WASHINGTON, Sept. 23 (UPI) -- Editor's note: This second installment of the UPI series on the compatibility of Islam and democracy explores the possibility that Iran, freeing itself from fundamentalism, might spawn renewal in the Muslim world.
Political philosopher Francis Fukuyama sees a kinship between radical Islamism -- though not the Muslim faith as a whole -- and Europe's extreme right and left of the 20th century. In an essay written for Welt am Sonntag, a German Sunday paper, Fukuyama pointed out that in 1928, Hassan al-Banna, founder of Egypt's Muslim Brotherhood, borrowed the principle of unconditional obedience to the leader from Mussolini's Italian fascism.
After World War II, Sayyid Qutb became the Muslim brotherhood's chief ideologue. According to Fukuyama, Qutb combined influences from both the extreme right and left when he formulated the goal of a classless society, which must overcome liberal democracy's self-righteous individual and "the exploitation of man by man."
"What Qutb preached was, in the opinion of experts, Leninism in an Islamic cloak," Fukuyama wrote. "A majority of Islamists have followed this creed to this day."
Fukuyama then raised "the seemingly perverted question ... if (Islamism) could not unwittingly become a modernizing force, which in future will permit Muslim societies to posit alternative concepts to the Western world."
"Since Islamism is directed both against the Western world and its values as well as against traditional Islam, it makes sense to wonder if it could not become the source of creative construction." Fukuyama then listed four features blocking the modernization of Muslim societies:
1. A rigid legal system.
2. The supervision of the banking system by religious authorities.
3. Schools training children primarily to interpret religious texts rather than think critically.
4. The fact that Islam provides no place for women in politics and economics.
Fukuyama is not alone in identifying Iran as the one country where modernization might become the unintended consequence of 34 years of fundamentalist rule. Like Fukuyama, scholars from around the world are placing their hope in the "demographic factor," meaning that 70 percent of all Iranians are under the age of 30. And most of those, analysts agree, reject theocratic rule.
Fukuyama deems it "most likely," therefore, that Iran will lead the Muslim world out of its present cul-de-sac. In an article in the German journal, Internationale Politik, Udo Steinbach, director of Hamburg's celebrated Deutsches Orient Institut, mused if there might not occur in Iran a Gorbachev-style Perestroika transforming the Islamic Republic of Iran's structure in a liberal democratic sense, while leaving its (religious) foundations in place.
"Or will the separation of politics and religion be the precondition for creating the kind of democracy some of the reformers and (Iran's) student demonstrators envision?" Steinbach wondered.
Douglas Johnston, president of the Washington-based International Center for Religion and Diplomacy and an ardent supporter of faith-based peacemaking especially among Christians, Jews and Muslims, recently returned from Iran with ambiguous impressions. He wrote:
"While there are elements of democracy at the grassroots, i.e., the President and parliament... are elected by the people, it is the Supreme Religious Leader and the leading ayatollahs who have the final say. ... Although the President and more than 70 percent of parliament are reformist, their efforts have largely been stymied by the unelected, higher placed conservative clerics. There is clearly a need for democratic institutions beyond the ballot box."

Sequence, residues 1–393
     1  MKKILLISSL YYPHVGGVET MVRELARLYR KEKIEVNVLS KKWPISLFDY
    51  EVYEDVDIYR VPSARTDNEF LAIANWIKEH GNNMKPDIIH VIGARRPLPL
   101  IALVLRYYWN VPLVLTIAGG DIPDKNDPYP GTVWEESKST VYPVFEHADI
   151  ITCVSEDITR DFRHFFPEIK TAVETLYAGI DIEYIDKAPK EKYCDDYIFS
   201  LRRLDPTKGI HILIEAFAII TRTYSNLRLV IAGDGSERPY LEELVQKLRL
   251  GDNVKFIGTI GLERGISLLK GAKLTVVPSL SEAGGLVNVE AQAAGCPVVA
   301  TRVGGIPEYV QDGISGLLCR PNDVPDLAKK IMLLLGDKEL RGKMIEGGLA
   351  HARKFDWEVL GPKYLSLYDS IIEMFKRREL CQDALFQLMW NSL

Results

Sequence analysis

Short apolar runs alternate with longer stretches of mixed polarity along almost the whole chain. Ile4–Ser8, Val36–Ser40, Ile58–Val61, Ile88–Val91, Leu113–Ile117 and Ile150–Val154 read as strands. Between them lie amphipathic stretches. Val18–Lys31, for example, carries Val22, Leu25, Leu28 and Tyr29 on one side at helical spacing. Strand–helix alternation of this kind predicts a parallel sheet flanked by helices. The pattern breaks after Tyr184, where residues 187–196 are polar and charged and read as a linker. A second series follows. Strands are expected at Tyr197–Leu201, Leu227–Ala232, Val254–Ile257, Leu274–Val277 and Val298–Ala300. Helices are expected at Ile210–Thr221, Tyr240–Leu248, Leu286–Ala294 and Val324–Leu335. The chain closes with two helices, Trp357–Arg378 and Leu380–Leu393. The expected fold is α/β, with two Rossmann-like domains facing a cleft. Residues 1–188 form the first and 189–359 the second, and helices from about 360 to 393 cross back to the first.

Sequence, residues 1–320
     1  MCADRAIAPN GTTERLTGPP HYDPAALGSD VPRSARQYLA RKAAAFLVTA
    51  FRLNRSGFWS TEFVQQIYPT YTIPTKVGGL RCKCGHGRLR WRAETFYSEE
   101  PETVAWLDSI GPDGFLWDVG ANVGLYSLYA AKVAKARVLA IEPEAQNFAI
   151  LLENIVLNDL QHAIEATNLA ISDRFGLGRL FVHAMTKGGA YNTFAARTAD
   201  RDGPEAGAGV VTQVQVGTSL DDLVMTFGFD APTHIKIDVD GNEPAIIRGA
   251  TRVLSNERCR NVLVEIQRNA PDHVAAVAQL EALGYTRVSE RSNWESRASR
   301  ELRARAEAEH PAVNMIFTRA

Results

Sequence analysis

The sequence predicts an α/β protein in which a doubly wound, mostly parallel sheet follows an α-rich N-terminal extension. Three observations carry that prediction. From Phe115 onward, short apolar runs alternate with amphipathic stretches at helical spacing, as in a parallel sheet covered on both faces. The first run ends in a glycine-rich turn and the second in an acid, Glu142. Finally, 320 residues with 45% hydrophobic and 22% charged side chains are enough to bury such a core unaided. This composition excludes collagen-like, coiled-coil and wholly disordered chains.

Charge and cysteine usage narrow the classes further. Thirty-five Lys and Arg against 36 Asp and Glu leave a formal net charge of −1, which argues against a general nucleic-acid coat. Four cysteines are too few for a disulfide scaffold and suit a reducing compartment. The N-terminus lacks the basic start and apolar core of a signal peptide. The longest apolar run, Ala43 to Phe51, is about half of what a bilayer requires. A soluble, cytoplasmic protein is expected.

Johnston also noted that while Iran is the only Muslim state to recognize the rights of religious minorities in its constitution, Christians still have an inferior status. For example, "the 'blood money' that one would be required to pay the family of a Muslim who was killed in an automobile accident for which one was responsible is significantly greater than the amount that would have to be paid to the family of a Christian victim in the same circumstances."
In a groundbreaking study on Prospects for Pluralism and Democracy in the Muslim World, which was co-sponsored by Boston University's Institute on Religion and World Affairs and the Pew Forum in Washington, Bahman Baktiari noted considerable dilemmas for reform and democracy in Iran.
Baktiari is the director of the International Affairs Program of the University of Maine. His observations will be discussed in detail in the next installment of this UPI series. His report gives a detailed account of Iran's resentful and rebellious youth who "in the privacy of their homes pursue intimate relationships with the opposite sex, enjoy parties where alcoholic drinks flow. ... However, youths consistently fear being caught even behind doors."
Baktiari described Iran's pattern as one of "one step forward toward reform, and two steps back as conservatives have persisted in thwarting any moves toward pluralism. "Structurally, the Islamic Republic is for now more Islamic than republican," Baktiari went on, but then arrived at a conclusion Fukuyama would probably share: "Iranians have come to view reform -- indeed, even democratization -- as inevitable, and they no longer ask 'why reform?' or 'what kind of reform?' but 'how?' and 'when?'"
Next installment: Meandering toward democracy